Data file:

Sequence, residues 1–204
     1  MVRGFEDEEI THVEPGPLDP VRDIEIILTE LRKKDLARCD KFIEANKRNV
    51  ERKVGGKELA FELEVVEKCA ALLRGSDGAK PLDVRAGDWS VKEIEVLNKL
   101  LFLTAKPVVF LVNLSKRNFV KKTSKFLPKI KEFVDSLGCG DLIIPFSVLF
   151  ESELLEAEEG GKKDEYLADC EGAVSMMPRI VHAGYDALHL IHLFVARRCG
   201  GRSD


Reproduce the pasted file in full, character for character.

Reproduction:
Sequence, residues 1–204
     1  MVRGFEDEEI THVEPGPLDP VRDIEIILTE LRKKDLARCD KFIEANKRNV
    51  ERKVGGKELA FELEVVEKCA ALLRGSDGAK PLDVRAGDWS VKEIEVLNKL
   101  LFLTAKPVVF LVNLSKRNFV KKTSKFLPKI KEFVDSLGCG DLIIPFSVLF
   151  ESELLEAEEG GKKDEYLADC EGAVSMMPRI VHAGYDALHL IHLFVARRCG
   201  GRSD